LONGITUDE: You write that "America's national parks were a vision seen through the horrors of war," noting that Lincoln signed the Yosemite Land Grant just after the Civil War. You talk to a war veteran volunteering in Big Bend and visit and revisit Gettysburg National Monument. What is at the heart of the relationship between war and the national parks?

WILLIAMS: America's national parks are places of peace. In the stillness and solitude of nature, we remember what we so often forget, "We are part of nature not apart from it," as the poet Robinson Jeffers said. When there is so much violence in the world, we can enter a national park like the Redwoods and stand before the big trees and find a renewed perspective among their standing grace rooted in thousands of years. A wild mercy emerges in our hearts. We find ourselves in a state of wholeness, rather than a place of fragmentation and despair, both qualities of war. Increasingly, our national parks are becoming parks of peace. But we have to fight for that peace. It is not something we can take for granted. The vet, Bill Summers, who I met in Big Bend, views his work within national parks as another way "to protect our homeland."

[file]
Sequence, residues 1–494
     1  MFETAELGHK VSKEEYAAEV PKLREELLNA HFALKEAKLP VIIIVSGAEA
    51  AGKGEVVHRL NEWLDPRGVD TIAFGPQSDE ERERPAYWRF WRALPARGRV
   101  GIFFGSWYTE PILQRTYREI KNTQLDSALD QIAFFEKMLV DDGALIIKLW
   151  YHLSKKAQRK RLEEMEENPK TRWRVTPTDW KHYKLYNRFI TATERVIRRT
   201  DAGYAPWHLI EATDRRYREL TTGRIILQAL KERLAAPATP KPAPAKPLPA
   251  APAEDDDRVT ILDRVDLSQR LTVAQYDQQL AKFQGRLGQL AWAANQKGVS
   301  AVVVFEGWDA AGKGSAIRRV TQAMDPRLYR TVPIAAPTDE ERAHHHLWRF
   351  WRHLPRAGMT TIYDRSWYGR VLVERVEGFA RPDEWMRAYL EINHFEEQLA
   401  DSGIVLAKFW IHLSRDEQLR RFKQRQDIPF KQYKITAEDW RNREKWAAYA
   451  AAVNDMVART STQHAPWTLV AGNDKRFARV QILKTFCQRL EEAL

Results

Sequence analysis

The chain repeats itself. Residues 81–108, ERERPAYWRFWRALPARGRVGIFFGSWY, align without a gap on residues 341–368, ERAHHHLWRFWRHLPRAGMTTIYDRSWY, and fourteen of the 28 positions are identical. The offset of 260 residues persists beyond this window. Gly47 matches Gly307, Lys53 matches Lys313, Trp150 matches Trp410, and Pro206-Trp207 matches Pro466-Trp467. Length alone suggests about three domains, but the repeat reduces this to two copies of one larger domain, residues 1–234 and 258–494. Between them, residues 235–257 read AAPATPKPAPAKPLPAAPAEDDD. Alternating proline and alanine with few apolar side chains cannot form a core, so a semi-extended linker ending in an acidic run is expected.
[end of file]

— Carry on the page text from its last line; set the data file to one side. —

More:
LONGITUDE: One of the reenactors you encounter at Gettysburg defends his representation of a Confederate soldier with the words: "'Look at it this way, the Feds can't just come in here and tell us what to do.'" He echoes the claim of the land owners in Wyoming who protested Rockefeller's gift of land to the federal government for the expansion of Grand Teton National Park. When it comes to land ownership and the parks, how do you measure collective good against an individual's rights?